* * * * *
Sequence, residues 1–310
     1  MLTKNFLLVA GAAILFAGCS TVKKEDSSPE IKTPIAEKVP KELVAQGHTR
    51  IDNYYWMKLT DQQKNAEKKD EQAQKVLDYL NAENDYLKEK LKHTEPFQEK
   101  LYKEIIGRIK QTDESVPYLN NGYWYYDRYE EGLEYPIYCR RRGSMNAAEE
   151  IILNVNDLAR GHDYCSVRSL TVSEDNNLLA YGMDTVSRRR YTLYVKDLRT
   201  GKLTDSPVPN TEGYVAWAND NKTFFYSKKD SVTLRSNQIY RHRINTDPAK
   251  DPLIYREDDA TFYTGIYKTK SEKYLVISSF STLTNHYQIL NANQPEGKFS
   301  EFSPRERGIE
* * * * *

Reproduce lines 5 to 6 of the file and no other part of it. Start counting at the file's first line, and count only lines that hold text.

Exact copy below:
   151  IILNVNDLAR GHDYCSVRSL TVSEDNNLLA YGMDTVSRRR YTLYVKDLRT
   201  GKLTDSPVPN TEGYVAWAND NKTFFYSKKD SVTLRSNQIY RHRINTDPAK